Some thoughts from the secondhand book trade here, I gather that Chaucer Bookshop in Canterbury has closed, this does rather make one feel part of a dieing breed.
For my own part I can only say that shop sales are holding up very well indeed despite the recession, or possibly because of it, I don’t recall my stock being as good as it is now for a very long time.
Internet sales on the other hand are way down most markedly our sales via Amazon.com, I had better explain how this works.
As well as selling new books Amazon can sell you out of print and secondhand books via a third party i.e. secondhand booksellers around the world.
Of our stock of about 30,000 titles about 2,500 of them we list on a database which we upload to Amazon and if you search for a book on Amazon and one of ours come up, when you buy it you pay Amazon who put the money into our bank account, they send us your name and address and we post the book to you.
We have been doing this for about ten years, so have considerable experience in this area and I would say if our online sales are considerably reduced so are most other peoples.
Our biggest problem at the moment is the deteriorating standard of ordinary behaviour in the town centre and I gather this is a problem in most other towns, another broken shop window this weekend.
I should point out that the individual that did this first tried and failed to kick in the window of the undertaker opposite us gave up and crossed the road and kicked ours in.
Much of this problem emanates from the 24 hour licensing laws prior to which we had one broken in seven years.
When the police arrived they had other ideas as to why things had deteriorated particularly badly recently, these being that the council had taken to rehousing problem families in the town centres and worst of all concentrating them in the tower blocks.
If the council were to go out of their way to think of a way to break our town’s economies, I would say to do this during the recession would be about the best plan they could come up with.
On the one hand we have a Conservative opposition nationally that say that they intend to deal with antisocial behaviour, yet locally a Conservative council that appears to be doing their best to make things worse.
I am not unaware that the short-term beneficiaries of this are the companies running out of town shopping and leisure facilities so perhaps the council is doing this deliberately.
It is crunch time for Pleasurama this Thursday when the Council cabinet hold a meeting to decide if the developer should be allowed to both renege on the development agreement and build the development. The council are being very secretive about this meeting so no details are publicly available and the press and public are to be excluded.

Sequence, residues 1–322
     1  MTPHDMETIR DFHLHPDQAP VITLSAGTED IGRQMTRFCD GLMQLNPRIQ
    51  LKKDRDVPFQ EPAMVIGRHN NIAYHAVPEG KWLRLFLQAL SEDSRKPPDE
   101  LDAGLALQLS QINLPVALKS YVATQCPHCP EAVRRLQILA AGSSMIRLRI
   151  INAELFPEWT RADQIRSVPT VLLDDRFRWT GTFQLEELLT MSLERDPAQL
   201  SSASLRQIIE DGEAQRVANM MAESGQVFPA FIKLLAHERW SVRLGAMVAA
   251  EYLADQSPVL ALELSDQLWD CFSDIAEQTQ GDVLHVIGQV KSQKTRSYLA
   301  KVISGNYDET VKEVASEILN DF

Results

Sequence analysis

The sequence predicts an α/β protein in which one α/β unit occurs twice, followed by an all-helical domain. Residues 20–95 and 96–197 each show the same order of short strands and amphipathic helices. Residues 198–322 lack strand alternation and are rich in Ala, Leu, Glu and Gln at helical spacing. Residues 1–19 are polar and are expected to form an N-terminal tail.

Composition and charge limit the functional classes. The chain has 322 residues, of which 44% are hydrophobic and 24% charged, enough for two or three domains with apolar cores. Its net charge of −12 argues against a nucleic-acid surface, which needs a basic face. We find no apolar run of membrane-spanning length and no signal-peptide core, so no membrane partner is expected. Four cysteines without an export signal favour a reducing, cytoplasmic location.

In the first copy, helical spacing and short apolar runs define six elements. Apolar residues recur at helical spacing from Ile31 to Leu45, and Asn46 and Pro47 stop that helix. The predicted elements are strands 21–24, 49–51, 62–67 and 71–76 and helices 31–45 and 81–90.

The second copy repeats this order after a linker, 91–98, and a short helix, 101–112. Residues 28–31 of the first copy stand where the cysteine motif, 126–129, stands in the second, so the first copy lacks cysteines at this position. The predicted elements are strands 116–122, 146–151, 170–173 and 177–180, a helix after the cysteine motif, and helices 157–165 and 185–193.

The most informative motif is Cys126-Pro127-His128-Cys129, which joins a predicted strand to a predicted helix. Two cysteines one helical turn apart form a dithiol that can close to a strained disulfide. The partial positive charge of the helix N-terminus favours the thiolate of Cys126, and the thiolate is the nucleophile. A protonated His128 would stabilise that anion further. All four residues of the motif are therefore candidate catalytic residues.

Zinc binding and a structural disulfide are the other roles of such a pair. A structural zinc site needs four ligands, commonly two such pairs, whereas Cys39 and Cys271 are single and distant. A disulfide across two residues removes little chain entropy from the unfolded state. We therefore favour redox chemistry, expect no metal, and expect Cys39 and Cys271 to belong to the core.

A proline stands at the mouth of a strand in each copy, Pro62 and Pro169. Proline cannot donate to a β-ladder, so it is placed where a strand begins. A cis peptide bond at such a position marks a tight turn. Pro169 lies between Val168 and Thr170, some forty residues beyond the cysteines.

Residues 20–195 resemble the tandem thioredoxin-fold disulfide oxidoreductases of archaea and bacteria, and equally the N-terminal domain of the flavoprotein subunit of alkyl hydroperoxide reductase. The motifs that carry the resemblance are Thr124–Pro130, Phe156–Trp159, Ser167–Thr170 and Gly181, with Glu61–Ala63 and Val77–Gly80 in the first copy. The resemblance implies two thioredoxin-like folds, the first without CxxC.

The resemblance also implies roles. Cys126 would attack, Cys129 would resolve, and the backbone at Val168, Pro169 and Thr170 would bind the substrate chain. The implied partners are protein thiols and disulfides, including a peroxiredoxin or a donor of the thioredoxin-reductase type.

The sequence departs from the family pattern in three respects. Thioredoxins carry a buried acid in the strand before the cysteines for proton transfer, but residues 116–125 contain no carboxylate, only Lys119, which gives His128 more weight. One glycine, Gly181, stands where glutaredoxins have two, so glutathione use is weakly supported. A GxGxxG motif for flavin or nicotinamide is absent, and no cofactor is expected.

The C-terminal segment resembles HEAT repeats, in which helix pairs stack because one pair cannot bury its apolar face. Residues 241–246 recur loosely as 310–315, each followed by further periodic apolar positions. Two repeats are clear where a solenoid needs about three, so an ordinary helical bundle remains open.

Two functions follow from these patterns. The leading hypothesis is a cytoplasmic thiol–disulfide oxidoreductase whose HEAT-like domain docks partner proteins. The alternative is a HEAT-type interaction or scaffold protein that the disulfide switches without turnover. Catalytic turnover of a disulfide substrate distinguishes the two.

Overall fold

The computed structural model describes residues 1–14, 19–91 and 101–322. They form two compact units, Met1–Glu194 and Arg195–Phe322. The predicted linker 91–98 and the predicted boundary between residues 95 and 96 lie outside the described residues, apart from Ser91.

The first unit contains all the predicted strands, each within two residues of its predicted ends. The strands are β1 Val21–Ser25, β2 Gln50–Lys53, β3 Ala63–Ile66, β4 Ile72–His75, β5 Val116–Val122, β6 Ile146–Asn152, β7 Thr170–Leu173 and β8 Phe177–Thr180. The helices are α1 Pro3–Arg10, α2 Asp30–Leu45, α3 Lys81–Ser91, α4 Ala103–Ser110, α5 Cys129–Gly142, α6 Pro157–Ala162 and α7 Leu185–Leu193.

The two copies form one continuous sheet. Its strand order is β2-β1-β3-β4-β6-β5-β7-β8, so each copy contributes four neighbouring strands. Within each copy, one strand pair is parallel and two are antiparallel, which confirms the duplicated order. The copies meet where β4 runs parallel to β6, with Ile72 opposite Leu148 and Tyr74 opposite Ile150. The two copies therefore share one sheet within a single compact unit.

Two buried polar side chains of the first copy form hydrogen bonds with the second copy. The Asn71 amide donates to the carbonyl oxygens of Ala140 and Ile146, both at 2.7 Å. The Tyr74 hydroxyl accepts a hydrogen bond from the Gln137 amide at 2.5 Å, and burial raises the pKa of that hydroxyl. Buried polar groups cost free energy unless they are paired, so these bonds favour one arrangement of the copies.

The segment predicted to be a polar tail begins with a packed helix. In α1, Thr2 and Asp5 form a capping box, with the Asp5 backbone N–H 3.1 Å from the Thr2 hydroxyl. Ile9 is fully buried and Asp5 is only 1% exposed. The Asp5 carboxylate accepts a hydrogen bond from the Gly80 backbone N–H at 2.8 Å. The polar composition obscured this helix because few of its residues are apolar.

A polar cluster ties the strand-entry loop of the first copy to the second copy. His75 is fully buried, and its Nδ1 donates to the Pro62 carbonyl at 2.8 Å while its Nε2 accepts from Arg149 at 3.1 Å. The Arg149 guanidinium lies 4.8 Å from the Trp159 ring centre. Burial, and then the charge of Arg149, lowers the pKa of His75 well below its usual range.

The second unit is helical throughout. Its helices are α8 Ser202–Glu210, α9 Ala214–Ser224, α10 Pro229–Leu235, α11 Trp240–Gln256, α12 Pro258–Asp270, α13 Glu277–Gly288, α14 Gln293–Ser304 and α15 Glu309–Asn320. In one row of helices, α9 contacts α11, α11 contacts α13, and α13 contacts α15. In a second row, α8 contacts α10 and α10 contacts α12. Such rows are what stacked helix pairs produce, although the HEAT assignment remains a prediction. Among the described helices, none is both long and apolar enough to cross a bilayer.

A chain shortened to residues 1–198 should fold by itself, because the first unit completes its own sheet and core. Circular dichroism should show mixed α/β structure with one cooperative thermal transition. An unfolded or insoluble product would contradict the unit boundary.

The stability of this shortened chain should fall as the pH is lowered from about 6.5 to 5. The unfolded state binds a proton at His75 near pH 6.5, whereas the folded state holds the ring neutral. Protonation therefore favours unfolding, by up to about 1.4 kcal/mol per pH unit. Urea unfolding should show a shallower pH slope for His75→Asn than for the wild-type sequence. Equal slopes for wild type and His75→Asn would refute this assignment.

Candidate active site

My understanding of the situation is as follows:
The detail of the agreement state:
“1. On exchange of the development agreement, the developer will pay a deposit of £55,000.
2. Following exchange of the development agreement, within 3 months, the developer will enter into a highways agreement with Kent County Council as specified in the planning permission. The works refer to a new roundabout and bus lay-by in Marine Esplanade.
3. The Site Lease Completion Date is the date 10 working days after the date of completion of the Highways Agreement.
4. On the Site Lease Completion Date:
a. The developer is to pay £550,000 to the Council which will include the deposit of £55,000.
b. The Site Leases of the hotel suite, the mixed use site and the residential premises will be granted to the Developer.
c. The developer will enter into an option agreement in favour of the Council, whereby the Council will be granted an option to aquire the Developers interest in the hotel site and the cliff stairway lease.
d. The Developer will provide a £5.6m performance bond in favour of the Council.
5. SFP Ventures (UK) limited is not entitled to assign the Development Agreement.”
I have been told by a number of different sources, although only one named the figure so it may be inaccurate that, the developer hasn’t deposited the bond and wishes to renege on the agreement and deposit a cash amount of £1,000,000 in a bank account as a guarantee.
It is my understanding that this money would be sourced from a British Virgin Islands company with doubts about it’s certificate of authenticity for money laundering purposes.
The sum appears to be insufficient if the development fails in some way.
The new plans go against strong EA recommendations both for a FRA and emergency escapes, so the building is likely to be blighted and the bond needed for this reason alone.
One of the biggest problems for the new Pleasurama development will be that of people throwing bricks and rubble etc from the cliff top at the building and onto the cars and people below.
I thought perhaps that this could be mitigated by redesigning the development so that the it was against the cliff face and the cliff top extended above the development with a step in front of it to catch objects dropped from the cliff top.
I have consulted with the man who designed the cliff façade repairs and he tells me that unfortunately they haven’t been done in a way that would allow the building to be built against the cliff.
I am fast coming to the conclusion that if the developer had consulted with me before the cliff façade repairs and the access road work commenced I could have saved him millions of pounds.
The developer’s agent now says that he and the contractor will consult with me over the problems with the development if the cabinet decides to let them drop the bond.